Red Team Tutorial: Design and setup of C2 traffic redirectors
Control of compromised machines within the target network happens through specifically designed Command & Control (C&C, C2) infrastructure. This article describes the rationale behind C2 design decisions and provides a step-by-step setup of the C2 redirector.
The report may be valuable for defensive analysts as insight in operations of adversary groups, as well as provide the necessary information for those willing to simulate adversary C2 channels. We will cover how one can build a HTTPS redirector using basic tools — nginx, minimalistic VPS, free DNS, and PKI certificate services.
C2 infrastructure is built with the intent to pursue several goals:
- hide the true location of the C2 server;
- mimic legitimate communication;
- allow only malware control traffic to reach the real C2 server;
- be reliable — given detection the part of C2 infrastructure, still, maintain C2 channel to the target.
Simple port forwarding by tools like socat or SSH can solve bullet #1 and partly #4. However, to address bullets #2 and #3 we need to introduce more sophisticated redirectors — hosts, which act as reverse proxies to forward only specific traffic to the real C2 server, whilst serving counterfeit content for the arbitrary visitor. In this article, we will focus on HTTPS as a protocol for external C2 communication. A high-level overview of such design is visualized in Figure 1 below:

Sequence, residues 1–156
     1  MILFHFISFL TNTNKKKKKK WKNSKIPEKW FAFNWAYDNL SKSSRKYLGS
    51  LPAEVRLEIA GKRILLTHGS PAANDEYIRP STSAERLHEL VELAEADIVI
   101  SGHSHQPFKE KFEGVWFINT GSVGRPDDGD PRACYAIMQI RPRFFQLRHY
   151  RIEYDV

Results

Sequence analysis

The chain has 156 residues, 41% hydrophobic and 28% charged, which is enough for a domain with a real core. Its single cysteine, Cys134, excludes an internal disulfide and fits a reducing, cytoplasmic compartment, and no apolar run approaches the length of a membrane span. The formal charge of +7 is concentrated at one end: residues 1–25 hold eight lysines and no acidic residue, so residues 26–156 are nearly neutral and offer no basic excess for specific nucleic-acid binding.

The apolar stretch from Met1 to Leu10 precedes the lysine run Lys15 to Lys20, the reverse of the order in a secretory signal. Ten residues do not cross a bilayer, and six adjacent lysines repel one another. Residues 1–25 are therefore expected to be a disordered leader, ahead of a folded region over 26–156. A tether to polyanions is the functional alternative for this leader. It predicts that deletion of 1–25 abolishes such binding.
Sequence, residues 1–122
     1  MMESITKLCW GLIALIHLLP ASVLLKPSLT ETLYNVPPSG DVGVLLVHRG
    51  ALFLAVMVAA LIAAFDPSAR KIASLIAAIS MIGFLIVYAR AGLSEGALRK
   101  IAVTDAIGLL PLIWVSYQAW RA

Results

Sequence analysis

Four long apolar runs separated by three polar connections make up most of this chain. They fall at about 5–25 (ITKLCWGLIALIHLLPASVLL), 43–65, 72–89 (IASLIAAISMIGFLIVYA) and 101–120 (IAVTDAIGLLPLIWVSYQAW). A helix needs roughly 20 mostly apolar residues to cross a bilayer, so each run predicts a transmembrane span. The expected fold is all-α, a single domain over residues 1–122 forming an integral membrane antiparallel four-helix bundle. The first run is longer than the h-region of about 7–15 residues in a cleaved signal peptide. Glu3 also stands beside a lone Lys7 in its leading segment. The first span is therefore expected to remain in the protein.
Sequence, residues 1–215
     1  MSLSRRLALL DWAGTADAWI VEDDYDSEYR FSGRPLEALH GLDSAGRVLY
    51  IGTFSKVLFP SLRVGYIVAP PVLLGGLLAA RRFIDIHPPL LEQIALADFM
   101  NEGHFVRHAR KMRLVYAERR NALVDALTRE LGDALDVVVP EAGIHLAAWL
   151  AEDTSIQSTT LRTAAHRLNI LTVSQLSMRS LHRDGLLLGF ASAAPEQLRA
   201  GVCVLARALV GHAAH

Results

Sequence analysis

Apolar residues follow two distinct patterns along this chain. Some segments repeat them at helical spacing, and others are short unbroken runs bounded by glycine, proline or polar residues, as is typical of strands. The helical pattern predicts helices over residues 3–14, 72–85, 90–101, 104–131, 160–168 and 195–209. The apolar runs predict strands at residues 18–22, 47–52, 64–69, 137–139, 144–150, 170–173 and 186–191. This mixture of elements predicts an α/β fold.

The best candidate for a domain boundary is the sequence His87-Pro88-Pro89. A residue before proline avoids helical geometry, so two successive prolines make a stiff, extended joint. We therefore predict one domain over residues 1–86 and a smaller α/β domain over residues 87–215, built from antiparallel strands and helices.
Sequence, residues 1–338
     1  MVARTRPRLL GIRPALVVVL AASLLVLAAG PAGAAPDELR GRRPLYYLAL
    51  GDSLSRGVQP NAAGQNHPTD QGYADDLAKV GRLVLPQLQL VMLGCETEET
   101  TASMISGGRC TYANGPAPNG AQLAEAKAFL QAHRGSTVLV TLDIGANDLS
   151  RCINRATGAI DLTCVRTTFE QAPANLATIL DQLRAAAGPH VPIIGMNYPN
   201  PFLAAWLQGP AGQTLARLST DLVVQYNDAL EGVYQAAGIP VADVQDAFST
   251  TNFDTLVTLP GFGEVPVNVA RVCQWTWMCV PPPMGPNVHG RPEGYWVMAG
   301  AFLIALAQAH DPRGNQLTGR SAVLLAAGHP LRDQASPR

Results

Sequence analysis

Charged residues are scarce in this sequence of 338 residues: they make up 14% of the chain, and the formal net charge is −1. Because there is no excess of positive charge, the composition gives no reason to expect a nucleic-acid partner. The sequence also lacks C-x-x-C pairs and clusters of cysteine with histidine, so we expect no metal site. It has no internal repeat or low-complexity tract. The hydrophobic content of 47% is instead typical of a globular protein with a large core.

The most valuable resource for any redirector is a public IP address, whilst it does not require any somehow powerful CPU or memory resources to achieve its goals. Therefore, minimalistic images from common cloud providers like AWS or Azure are totally fine (e.g. t3a.nano from AWS with 2 vCPUs, 500 MB RAM, and 8 GB disk).
After access to such host, we're ready to build our nginx setup:
sudo yum -y install git nginx vim certbot tmux wget# SELinux configuration for Reverse Proxy functionality
setsebool -P httpd_can_network_connect true